At the same time the jury awarded the Jan Tschichold Prize, with which the Swiss Federal Department of Home Affairs (DHA) honours creative and exceptional commitment in the field of book design. This year the prize, endowed with 15'000 Swiss francs. went to the innovative designer team NORM, Dimitri Bruni and Manuel Krebs of Zurich. With diverse, outstandingly executed commissioned jobs as well as very committed book projects of their own, the young book designers are making a notable contribution to Swiss book design.

 

The Swiss Federal Office of Culture (SFOC) highlights high-end quality book design creativity in Switzerland not only with these annual competition results, but also engages in the direct promotion of young book designers by awarding design contracts. This is in close connection with the general practice of design promotion by the Swiss government.

 

The Competition "The most beautiful Swiss books" has been organized since 1999 by the Art and Design Section of the SFOC on the behalf of the DHA and is also under the patronage of the Swiss Book Publishers Association.

 

This publication is being produced to coincide with the two exhibitions to be held in the Museum für Gestaltung in Zurich and in the mu.dac in Lausanne, where all 33 prize-winning books will be displayed.

 

Mirjam Fischer, SFOC, Berne

Jan-Tschichold Award

NORM, Zurich
Winner of the Jan Tschichold Prize 2003

 

There is a well-known photograph of Jan Tschichold reproduced opposite the title page of Asymmetric Typography (the English version of his Typographische Gestaltung). The portrait captures him in profile, mid-bliss, apparently contemplating a finished piece of work, elated at its finesse. The pose is so fantastieally pompous - eyebrows to the heavens, lips pouted, thumb and forefinger touching just-so - that it could easily be a set-up. If not, we can still allow Tschichold such arrogance, deserving as he is of his reputation as a master practitioner who combined the craft and science of typography and type design. Whether in character as Heroic Modernist or Reborn Classicist, Tschichold was always primarily concerned with articulating content for the benefit of the reader.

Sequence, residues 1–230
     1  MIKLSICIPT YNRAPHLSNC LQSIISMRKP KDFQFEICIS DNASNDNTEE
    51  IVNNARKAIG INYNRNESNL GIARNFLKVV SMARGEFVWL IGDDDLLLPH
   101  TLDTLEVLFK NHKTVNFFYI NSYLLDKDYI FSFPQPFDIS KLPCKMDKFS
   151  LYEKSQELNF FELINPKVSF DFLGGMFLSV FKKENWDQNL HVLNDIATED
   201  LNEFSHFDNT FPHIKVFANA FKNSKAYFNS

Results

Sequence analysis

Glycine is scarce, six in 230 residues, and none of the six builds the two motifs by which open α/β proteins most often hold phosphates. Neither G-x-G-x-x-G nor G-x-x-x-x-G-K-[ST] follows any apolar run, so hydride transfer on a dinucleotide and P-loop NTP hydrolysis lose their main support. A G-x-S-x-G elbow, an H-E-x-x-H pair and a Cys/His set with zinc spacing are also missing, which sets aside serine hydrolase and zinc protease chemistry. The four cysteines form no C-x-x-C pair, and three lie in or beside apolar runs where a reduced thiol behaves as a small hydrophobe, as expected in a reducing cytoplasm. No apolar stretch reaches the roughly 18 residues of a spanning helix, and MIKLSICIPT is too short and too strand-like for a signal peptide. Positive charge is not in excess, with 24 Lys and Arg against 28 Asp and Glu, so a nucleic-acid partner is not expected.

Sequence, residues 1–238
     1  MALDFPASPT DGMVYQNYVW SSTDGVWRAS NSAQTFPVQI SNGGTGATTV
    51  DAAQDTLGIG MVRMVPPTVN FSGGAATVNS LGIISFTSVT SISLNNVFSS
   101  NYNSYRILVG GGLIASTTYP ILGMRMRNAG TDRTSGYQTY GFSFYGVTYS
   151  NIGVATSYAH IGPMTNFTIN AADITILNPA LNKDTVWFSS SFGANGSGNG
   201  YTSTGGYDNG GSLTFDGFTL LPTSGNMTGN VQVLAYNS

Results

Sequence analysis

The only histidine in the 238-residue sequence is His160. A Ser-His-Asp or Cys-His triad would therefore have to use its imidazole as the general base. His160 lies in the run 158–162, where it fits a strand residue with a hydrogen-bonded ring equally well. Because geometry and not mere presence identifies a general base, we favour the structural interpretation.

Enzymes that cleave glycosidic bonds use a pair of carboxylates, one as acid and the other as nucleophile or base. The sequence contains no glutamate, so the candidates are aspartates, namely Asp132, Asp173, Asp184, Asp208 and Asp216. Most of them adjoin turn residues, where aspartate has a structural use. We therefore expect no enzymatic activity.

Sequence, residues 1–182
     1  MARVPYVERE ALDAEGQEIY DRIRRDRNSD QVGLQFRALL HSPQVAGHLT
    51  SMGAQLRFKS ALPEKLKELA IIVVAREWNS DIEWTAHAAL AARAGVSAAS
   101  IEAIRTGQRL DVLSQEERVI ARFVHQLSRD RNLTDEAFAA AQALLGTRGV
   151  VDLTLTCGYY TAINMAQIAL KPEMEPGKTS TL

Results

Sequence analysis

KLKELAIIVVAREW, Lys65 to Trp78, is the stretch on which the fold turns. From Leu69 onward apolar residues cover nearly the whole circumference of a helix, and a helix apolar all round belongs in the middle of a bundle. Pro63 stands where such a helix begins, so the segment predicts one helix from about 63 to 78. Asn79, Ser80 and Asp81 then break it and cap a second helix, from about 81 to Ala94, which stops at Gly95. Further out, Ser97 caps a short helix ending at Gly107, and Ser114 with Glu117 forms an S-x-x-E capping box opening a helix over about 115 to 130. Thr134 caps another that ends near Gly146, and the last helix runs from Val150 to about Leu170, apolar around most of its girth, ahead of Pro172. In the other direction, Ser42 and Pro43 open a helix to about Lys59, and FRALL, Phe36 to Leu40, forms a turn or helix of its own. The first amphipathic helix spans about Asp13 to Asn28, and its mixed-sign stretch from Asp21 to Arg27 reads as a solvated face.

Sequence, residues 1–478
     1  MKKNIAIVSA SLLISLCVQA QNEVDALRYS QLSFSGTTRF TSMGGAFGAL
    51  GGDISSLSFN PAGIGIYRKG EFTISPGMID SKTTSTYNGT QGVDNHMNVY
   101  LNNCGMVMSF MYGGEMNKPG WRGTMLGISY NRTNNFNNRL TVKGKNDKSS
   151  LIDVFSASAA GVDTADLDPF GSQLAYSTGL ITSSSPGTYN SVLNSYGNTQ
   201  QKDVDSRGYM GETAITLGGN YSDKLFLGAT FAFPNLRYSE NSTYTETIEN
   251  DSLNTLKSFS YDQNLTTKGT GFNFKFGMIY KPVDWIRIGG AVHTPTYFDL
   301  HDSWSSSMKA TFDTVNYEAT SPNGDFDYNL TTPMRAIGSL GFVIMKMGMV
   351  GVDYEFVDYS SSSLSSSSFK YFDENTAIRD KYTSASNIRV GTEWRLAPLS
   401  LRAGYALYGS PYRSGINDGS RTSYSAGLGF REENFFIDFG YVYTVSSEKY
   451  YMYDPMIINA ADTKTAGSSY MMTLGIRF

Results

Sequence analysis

Sixty or seventy years on, Dimitri Bruni and Manuel Krebs, called NORM, are primarily concerned with generating or shaping content towards their own interests. In their home-made research/manifesto The Things, for example, the exploration of space and symbols is taken to daunting extremes, and rather than creating a genuinely practical bank of information, the exhaustion of possibilities becomes an end in itself. This demonstrates how graphic design has slowly turned in on itself since Tschichold's time. It is no longer enough for a book to be merely a book. In one of NORM's commissioned works, for "physiological architects" Décosterd & Rahm, texts at the beginning and end are printed in gloss varnish on white gloss paper. In one way this makes sense (you can follow the thinking: subject matter about space, light and sensuality), but in another (its blatant unreadability) it is also nonsense.

 

Tschichold was passionate, obsessive and a perfectionist. While I'm suggesting here that their drive is fundamentally different, NORM have righteously inherited these qualities: their work is at once extreme and decent. It's not too difficult to imagine them striking the same pose as Tschichold upon receiving a job back from the printer, though in their ease the photograph would have to be a set-up. That kind of innocence just doesn't exist anymore; they'd be kicking each other under the table to try and make the other one laugh.

 

Stuart Bailey, Grafic Designer, London (UK) / Amsterdam (NL)